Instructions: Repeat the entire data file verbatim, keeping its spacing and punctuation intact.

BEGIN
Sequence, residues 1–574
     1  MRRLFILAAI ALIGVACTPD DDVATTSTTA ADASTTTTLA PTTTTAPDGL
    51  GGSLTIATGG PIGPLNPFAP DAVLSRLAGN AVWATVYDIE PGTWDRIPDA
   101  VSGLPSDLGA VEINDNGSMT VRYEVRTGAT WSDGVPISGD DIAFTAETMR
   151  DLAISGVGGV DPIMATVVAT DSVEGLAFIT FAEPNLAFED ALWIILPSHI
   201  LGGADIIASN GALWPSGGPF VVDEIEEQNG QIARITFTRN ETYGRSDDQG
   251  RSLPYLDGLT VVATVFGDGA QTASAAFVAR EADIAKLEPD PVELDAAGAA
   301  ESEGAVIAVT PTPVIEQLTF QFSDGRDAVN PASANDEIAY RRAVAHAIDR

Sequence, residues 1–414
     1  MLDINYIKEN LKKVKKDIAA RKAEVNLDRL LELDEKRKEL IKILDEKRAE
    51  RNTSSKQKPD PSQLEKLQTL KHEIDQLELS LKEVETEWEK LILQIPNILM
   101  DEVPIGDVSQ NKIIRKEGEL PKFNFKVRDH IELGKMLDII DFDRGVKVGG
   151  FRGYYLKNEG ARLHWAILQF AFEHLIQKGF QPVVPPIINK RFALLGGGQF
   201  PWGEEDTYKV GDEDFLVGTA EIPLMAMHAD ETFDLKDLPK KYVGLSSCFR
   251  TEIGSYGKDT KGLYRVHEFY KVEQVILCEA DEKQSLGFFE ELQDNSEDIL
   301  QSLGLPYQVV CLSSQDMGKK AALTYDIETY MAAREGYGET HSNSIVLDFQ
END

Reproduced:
Sequence, residues 1–574
     1  MRRLFILAAI ALIGVACTPD DDVATTSTTA ADASTTTTLA PTTTTAPDGL
    51  GGSLTIATGG PIGPLNPFAP DAVLSRLAGN AVWATVYDIE PGTWDRIPDA
   101  VSGLPSDLGA VEINDNGSMT VRYEVRTGAT WSDGVPISGD DIAFTAETMR
   151  DLAISGVGGV DPIMATVVAT DSVEGLAFIT FAEPNLAFED ALWIILPSHI
   201  LGGADIIASN GALWPSGGPF VVDEIEEQNG QIARITFTRN ETYGRSDDQG
   251  RSLPYLDGLT VVATVFGDGA QTASAAFVAR EADIAKLEPD PVELDAAGAA
   301  ESEGAVIAVT PTPVIEQLTF QFSDGRDAVN PASANDEIAY RRAVAHAIDR

Sequence, residues 1–414
     1  MLDINYIKEN LKKVKKDIAA RKAEVNLDRL LELDEKRKEL IKILDEKRAE
    51  RNTSSKQKPD PSQLEKLQTL KHEIDQLELS LKEVETEWEK LILQIPNILM
   101  DEVPIGDVSQ NKIIRKEGEL PKFNFKVRDH IELGKMLDII DFDRGVKVGG
   151  FRGYYLKNEG ARLHWAILQF AFEHLIQKGF QPVVPPIINK RFALLGGGQF
   201  PWGEEDTYKV GDEDFLVGTA EIPLMAMHAD ETFDLKDLPK KYVGLSSCFR
   251  TEIGSYGKDT KGLYRVHEFY KVEQVILCEA DEKQSLGFFE ELQDNSEDIL
   301  QSLGLPYQVV CLSSQDMGKK AALTYDIETY MAAREGYGET HSNSIVLDFQ